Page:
Kelly Thompson had a piece a couple weeks back about Brian Azzarello’s decision to make Wonder Woman’s Amazons into lying child-murdering rapists. She points out that this is maybe possibly problematic.

Anyway, I haven’t read the issues in question, but I left a couple of comments about Marston/Peter because I can’t help myself. I thought I’d reprint them below, because, what the hell, it’s my blog. So here you go.

First comment here.

“The Amazons may not have been created originally to be such a thing,”


Sorry. Deep breaths…..

William Marston, who created Wonder Woman, was a passionate, ideologically committed feminist. He believed women were better than men in just about every way — smarter, stronger, more compassionate, more fitted to rule.

The Amazons were absolutely, uncontestably, intentionally meant as feminist icons. They were meant to be feminist examples for girls and *for boys.* It is impossible to read Marston’s Wonder Woman stories and doubt this; it’s impossible to read what he wrote about the character and doubt it. There simply is no doubt. The Amazons are feminist icons now because they were meant to be feminist icons by their creator. From the very first Wonder Woman story, they were established as feminist icons.

You know how horrified you are by castrating, evil, violent Amazons preying on men? Double that. Then double it again. Then, what the hey, double it a third time. That’s how absolutely, down to his socks horrified Wiliam Marston would be to see his beloved creations used in this manner. It is a deliberate, misogynist, betrayal of his vision. Azzarello might as well dig up the man’s corpse and defecate on it.

The fact that no one — not even committed Wonder Woman fans — knows about Marston or what he wanted for his creation is yet another sign of DC’s contempt for creator’s rights. (Which is in addition to their contempt for women, of course.)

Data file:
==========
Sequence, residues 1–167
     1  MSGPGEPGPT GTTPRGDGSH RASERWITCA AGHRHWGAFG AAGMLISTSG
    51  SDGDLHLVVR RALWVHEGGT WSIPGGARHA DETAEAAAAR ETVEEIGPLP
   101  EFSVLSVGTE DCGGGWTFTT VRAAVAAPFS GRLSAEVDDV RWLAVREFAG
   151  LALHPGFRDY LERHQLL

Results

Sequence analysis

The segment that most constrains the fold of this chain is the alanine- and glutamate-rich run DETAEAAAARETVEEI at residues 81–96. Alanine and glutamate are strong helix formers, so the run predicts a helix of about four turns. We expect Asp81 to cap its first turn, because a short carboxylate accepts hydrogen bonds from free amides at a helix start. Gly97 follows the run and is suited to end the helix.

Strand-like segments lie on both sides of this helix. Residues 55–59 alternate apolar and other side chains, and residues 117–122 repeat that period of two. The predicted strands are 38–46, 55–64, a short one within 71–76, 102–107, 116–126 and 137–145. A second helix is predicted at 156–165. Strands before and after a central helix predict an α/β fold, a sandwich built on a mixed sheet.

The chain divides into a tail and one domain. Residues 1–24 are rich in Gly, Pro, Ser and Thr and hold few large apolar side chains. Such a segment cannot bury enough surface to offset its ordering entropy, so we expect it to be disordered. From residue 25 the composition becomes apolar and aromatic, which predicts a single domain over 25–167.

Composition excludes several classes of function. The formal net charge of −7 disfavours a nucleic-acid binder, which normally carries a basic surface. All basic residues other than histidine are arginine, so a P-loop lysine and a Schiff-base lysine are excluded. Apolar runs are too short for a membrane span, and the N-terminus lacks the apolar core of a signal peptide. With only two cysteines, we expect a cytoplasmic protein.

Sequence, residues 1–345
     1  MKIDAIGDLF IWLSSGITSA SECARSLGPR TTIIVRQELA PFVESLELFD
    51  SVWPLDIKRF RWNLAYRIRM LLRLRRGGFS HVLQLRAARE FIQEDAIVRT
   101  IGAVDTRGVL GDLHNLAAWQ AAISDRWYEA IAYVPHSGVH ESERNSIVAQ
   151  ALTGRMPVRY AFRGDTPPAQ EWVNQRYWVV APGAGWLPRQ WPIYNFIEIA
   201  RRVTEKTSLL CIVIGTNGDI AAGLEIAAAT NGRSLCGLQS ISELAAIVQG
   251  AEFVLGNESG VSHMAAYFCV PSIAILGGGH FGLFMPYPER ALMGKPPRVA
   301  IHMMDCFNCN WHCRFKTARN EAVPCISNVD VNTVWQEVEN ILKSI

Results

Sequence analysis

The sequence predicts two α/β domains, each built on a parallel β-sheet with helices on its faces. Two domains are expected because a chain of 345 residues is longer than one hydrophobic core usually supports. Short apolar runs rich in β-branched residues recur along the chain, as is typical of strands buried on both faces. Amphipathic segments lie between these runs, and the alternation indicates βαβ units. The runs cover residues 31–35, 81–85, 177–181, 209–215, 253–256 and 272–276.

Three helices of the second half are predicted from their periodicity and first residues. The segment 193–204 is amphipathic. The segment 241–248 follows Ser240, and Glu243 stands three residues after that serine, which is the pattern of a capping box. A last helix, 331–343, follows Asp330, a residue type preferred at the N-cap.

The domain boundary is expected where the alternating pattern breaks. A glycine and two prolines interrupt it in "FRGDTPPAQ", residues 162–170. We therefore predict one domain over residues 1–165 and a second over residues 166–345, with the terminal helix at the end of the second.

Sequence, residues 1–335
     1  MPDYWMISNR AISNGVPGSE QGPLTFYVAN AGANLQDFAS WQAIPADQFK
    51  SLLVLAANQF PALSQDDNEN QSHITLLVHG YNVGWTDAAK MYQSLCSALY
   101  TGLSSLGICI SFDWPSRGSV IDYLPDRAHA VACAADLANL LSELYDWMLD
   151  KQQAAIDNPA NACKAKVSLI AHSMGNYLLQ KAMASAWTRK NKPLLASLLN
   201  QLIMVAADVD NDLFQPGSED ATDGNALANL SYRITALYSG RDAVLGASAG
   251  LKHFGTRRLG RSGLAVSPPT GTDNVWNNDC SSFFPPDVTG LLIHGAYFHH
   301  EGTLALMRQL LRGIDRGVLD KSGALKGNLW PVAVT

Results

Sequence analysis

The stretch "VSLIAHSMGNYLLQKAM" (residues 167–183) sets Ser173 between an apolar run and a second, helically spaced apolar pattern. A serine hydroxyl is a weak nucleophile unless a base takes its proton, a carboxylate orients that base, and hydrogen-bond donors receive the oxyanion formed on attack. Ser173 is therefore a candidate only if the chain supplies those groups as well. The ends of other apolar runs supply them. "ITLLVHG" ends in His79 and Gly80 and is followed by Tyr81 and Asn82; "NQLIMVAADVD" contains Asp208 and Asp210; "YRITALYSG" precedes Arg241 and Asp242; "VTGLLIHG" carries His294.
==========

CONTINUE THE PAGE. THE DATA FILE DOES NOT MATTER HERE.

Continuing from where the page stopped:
Okay…sorry. End of rant.

And a second comment.

Wow…just skimmed through this.

I think for me the point is that Wonder Woman was very consciously created as a feminist statement. You can argue about the parameters of that statement (the swimsuit? amazons on a pedestal?) and certainly it wasn’t perfect in every way (though Marston and Peter are actually pretty thoughtful and complicated — they’re take on issues of war and peace, for example, is a lot more subtle than some folks here seem to think.) But be that as it way, Wonder Woman is decidedly, definitively a feminist vision for girls *and* for boys.

That was, and remains, extremely unusual for pop culture — or, for that matter, for any culture. You just don’t see a whole lot of movies, or books, much less comics, in which (a) the woman is the hero, (b) female friendships are central to her heroism, (c) feminism is explicitly, repeatedly, and ideologically presented as the basis for her heroism.

Since Marston and Peter, there have been a lot of creators who have, in one way or another, decided that the thing to do with the character is jettison the feminism. It’s important to realize that when they do that, they betray the original vision of the character in a way which is really, to my mind, fairly despicable. If you care about creator’s rights at all, what Azzarello is doing is really problematic.

Beyond that, though, to take a character who is originally, definitively intended to be feminist, and make her ideologically anti-feminist, is a really aggressive ideological act. One of the things Marston was doing was taking a negative mythological portrayal (the Amazons) and turning it into a feminist vision. Azzarello is turning that around and changing it back into a misogynist vision. Marston did what he did because he was a committed feminist. Azzarello is doing what he is doing…because he’s a committed misogynist? Because he’s not really thinking that hard about what he’s doing? Because he’s just getting his kicks? Whatever the reason, it is, as I said, a very definite decision with very definite ideological ramifications, and he deserves to be called on them.

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